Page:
The world is abuzz and drowning with both woke and indifferent news about climate change. From Greta to Trump, it seems people’s views on the matter vary just about as much as political beliefs and religion. However, regardless of what your personal views about climate change may be about or actually is, hard facts and years of study on the complex interconnected dots between man and nature are hard to deny.
So what is Climate Change? First, the climate is the prevailing weather systems in a large area for an extended period of time. What generally affects it is the energy coming in and out of that system from within and outside that system. In our case, energy from the sun comes into Earth and bounces back out, with some of that energy trapped in due to our ozone layer. From within the Earth itself, everything that happens contributes to how much of the Sun’s energy gets trapped inside while also contributing to that with our own energy from factories, cars, the hustle and bustle of population centers, etc. Change in the climate happens when the amount of energy we generate from within, and the amount of energy we trap inside accumulates or dissipates to the point where the weather systems are affected.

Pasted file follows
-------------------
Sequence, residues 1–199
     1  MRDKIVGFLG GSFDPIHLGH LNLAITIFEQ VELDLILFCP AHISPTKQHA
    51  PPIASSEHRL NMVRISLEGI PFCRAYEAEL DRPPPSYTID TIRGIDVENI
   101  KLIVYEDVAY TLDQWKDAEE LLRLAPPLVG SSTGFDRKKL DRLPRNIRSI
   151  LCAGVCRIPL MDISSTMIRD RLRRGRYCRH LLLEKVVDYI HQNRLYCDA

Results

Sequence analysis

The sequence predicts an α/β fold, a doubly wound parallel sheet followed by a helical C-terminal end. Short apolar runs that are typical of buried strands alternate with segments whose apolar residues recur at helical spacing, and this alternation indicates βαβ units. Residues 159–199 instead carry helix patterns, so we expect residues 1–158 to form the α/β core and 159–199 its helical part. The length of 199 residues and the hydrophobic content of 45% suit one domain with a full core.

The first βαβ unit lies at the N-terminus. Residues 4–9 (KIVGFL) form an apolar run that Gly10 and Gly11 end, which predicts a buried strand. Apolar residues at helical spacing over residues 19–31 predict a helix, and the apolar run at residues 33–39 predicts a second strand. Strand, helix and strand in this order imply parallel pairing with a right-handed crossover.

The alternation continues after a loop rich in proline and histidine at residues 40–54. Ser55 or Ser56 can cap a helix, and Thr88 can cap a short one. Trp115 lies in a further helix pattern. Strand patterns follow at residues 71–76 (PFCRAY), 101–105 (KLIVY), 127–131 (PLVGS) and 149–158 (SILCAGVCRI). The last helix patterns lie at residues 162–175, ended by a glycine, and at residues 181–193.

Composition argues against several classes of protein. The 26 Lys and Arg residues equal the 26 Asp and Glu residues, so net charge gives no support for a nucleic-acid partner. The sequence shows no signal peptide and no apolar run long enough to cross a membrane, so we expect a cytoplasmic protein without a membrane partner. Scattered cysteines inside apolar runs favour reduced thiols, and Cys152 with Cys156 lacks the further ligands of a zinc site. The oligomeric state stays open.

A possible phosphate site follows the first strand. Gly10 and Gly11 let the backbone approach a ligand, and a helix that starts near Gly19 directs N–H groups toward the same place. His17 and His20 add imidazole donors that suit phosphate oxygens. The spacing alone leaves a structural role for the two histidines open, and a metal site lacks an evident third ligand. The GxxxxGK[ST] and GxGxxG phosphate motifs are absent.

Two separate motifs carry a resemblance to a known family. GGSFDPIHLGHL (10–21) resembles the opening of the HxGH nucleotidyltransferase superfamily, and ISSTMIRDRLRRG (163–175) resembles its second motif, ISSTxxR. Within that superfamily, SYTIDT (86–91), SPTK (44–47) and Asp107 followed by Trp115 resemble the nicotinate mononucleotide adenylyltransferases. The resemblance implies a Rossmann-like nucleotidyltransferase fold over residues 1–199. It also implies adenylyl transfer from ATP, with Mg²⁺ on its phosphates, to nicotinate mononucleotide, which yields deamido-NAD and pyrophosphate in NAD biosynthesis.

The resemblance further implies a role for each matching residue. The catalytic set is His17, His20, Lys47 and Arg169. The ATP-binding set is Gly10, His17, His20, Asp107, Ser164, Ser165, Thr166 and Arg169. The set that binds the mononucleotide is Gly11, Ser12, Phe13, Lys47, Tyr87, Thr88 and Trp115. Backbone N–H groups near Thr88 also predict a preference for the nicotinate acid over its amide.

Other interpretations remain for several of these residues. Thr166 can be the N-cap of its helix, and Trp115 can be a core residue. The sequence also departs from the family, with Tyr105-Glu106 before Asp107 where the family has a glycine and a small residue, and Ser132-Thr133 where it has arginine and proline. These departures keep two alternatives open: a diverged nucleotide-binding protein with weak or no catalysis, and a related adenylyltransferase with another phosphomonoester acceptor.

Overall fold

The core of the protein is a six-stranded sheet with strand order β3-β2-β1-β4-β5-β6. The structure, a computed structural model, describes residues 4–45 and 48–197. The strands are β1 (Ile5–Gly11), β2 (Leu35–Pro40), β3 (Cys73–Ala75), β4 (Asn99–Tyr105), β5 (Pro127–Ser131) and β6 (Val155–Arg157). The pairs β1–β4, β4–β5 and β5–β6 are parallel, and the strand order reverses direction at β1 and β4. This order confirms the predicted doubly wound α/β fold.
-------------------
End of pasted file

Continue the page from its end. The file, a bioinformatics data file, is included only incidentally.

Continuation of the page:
The weather changes, so what? If you’re thinking just hotter summers or heavier rains that ruin your commute to work, you aren’t really grasping the reality of the situation. The weather systems that have been in place for millennia have been what allowed humans to thrive and eventually dominate the world we live in. They have allowed plants and animals to thrive in a self-sustaining circle of life, and they have made the diverse landscape of the world possible from frozen tundras to hot deserts to humid jungles to temperate countrysides. A change in the weather patterns, even a minor one, can cause major chain reactions and extreme side effects.
One such effect is a rise in sea levels. This is caused by the polar ice caps melting due to rising global temperatures. A rise in sea levels means a greater risk of flooding in coastal areas, reduced land area or total submerging of island nations, and negative impacts on coastal ecosystems and wildlife.
As the polar ice caps melt, so does sea ice. Sea ice positively contributes to reflecting sunlight back out of the Earth. However, the Arctic sea is currently melting at a rate of 13.2% per decade compared to the last 3 to 4 decades. This means the rising temperatures will rise at a faster rate.
Going back to the more general definition of changing weather patterns, agricultural trades are greatly affected given their reliance on seasonal weather patterns for maximized yield. Livestock is harder to raise, crops are harder to grow, and in turn, the food supply for a population becomes more scarce. If you’re lucky, you’ll only see a rise in prices for your fruits, eggs, and vegetables. But it can be much, much harder than that.
These changes are just a few examples of how climate change can affect you. But the worst one is how it can potentially make the world uninhabitable to humans when it reaches a really bad point. Before that happens, let’s take a moment and remember to be good and responsible stewards of our planet.